Jewish Body Part 1: The Circs
Melvin Konner is the author of The Jewish Body: An Anatomical History of the Jewish People (Shocken, January 2009). He will be guest blogging on Jewcy all week. Jewish Bod 1: The Circs Have you seen the picture bouncing around … Read More
Melvin Konner is the author of The Jewish Body: An Anatomical History of the Jewish People (Shocken, January 2009). He will be guest blogging on Jewcy all week.
Jewish Bod 1: The Circs
Have you seen the picture bouncing around the net? One oft hose signs with movable letters on a lawn outside a synagogue: "MADOFF BRIS TODAY. NOT JUST THE FORESKIN. THE WHOLE SCHMCK. NO ANESTHESIA. FUN FOR ALL." They may have wanted to castrate Bernie, but they delicately circumcised the word "schmuck" for some reason, which after all just means jewel – as in, family jewel.
In most of the old circ jokes, castration was an accident, not payback for the cad who palmed billions. But to Freud and friends, successful circumcision was a ritual mini-castration, some sort of racial memory of what fathers wanted to do to sons, a stand-in for the real thing. Odd for a practice the Jews always saw as perfecting the family jewel, not destroying it.
It goes back to B’reishit, the book of Genesis, and you could say it’s an emblem of genesis itself. Bris doesn’t mean foreskin snipping, it means "covenant," a deep and subtle bargain. God promises Abraham as many descendants as the stars, but… There’s this little thing he has to do to seal the deal, and do the same to his sons, his servants, and every male child from here to the stars.
And any male who doesn’t have this done "that soul will be cut off from his people, for he has broken My covenant." So it’s either the one cut or the other.
There’s a midrash, a rabbinical back-story, attached to this passage. Abraham doesn’t just pick up his blade and start slicing…he wants to know what he did to deserve the honor. Answer: You were the first to be worthy of it. After a couple of more "but-but"s from Abe (he is 99 after all), God says, look, just do it, or I’ll un-create the world.
Wow. Not just destroy it, like God did back in Noah’s time. Un-create it. Run the tape backwards, as if it never existed. All the way back to "without form and void."
It’s almost as if the whole point of Creation was to get to that moment, that bargain. And of course, at that moment, the Jews as a people are born. If you were male, you had to have it; if female, it was the only family jewel you could play with, and all your sons had to have it too, often while you watched. (I can hear Tevye saying, "Can’t You choose somebody else for a change?") This may have been God’s idea of perfection, but there was definitely pain involved.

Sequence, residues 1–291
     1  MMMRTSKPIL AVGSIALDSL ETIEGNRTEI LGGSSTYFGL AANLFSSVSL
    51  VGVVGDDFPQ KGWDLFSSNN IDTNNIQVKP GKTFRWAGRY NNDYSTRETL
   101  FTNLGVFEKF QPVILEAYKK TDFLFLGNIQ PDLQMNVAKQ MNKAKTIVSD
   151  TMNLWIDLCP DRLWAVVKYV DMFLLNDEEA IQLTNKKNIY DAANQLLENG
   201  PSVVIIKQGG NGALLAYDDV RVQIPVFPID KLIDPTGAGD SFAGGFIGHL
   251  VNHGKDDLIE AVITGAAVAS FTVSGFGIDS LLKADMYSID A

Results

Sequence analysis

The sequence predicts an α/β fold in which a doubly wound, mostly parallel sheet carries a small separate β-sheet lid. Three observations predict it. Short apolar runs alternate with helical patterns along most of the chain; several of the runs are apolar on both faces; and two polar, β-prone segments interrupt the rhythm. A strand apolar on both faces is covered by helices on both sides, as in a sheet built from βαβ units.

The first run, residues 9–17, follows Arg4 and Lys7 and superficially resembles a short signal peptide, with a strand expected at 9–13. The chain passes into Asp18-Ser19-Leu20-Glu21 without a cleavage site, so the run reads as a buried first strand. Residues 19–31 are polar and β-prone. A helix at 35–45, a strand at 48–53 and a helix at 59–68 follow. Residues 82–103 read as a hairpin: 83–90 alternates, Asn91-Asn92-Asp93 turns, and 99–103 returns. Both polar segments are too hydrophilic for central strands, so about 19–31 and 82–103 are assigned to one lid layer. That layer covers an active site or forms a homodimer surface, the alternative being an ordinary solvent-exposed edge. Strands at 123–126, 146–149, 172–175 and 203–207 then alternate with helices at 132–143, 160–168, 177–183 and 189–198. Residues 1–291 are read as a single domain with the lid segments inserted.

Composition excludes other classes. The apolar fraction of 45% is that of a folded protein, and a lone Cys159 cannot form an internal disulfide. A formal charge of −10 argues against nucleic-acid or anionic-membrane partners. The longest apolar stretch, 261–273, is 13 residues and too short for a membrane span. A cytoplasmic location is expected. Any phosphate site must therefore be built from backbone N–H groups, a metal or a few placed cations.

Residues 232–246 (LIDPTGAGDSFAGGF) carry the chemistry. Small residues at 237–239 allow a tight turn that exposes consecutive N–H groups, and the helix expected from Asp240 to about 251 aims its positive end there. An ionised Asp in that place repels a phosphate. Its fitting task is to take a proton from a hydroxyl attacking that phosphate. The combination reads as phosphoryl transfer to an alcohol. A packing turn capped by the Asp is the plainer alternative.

The, um, point was the opposite of what Freud thought. It wasn’t, symbolically, to cut the whole thing off, it was to make it perfect, to complete the work of Creation–the first tikkun olam. And the result was opposite too. Castration cuts your reproduction short; circumcision makes you massively fertile, numerous as the stars.
The fertility link is common toother cultures that circumcise sons–often at puberty, like the Australian aborigines and a number of African groups. You make a boy a man and you make him fertile in one swipe of the knife.
Is there anything to that? Well, we now know circumcised men and their partners have fewer STDs, which can block fertility, and the women have less cervical cancer. It’s been proven in Africa to reduce the spread of AIDS. But for the Jews throughout the centuries, it wasn’t mainly the hygiene, it was the covenant.
And the identity. Cut off from his people was no joke, and neither was the fact that doing it cut you off from everyone else. Ancient Greek Olympians, gorgeous as gods, competed nude to show their splendor, and they ridiculed the Jews who tried to measure up. However good they were, they were maimed. Pathetically, some tried to reverse their circumcisions to better their circumstances, but this left a lot to be desired.
And of course, many of us who grew up in the wake of the Shoah had nightmares about the "drop-your-pants" moment when the SS man would expose us for who we were. So, now that almost every man in America has one, what does the circ really say about who we are?
It still says what it always said: Jewish boy. Jewish man. Not cut off from his people, past, present, or future. And not cut off from the God his people believe in, whether or not he believes in God himself. So don’t do it in passing in the hospital, just to reduce infections, or to make him look like Dad. Do it on day eight, ceremoniously, and honor the countless generations who risked their lives and those of their sons to keep this precious tradition, to keep this people whole, and to keep the bargain with whatever force or spirit brought them from ancienttimes till now, through untold challenge and unspeakable adversity, to a time of tremendous achievement and triumph.
Melvin Konner’s new book is The Jewish Body, in the "Jewish Encounters"series.
You can see the trailer for it here: http://www.nextbook.org/bookseries/title.html?bookid=25 and learn more at his website,www.jewsandothers.com.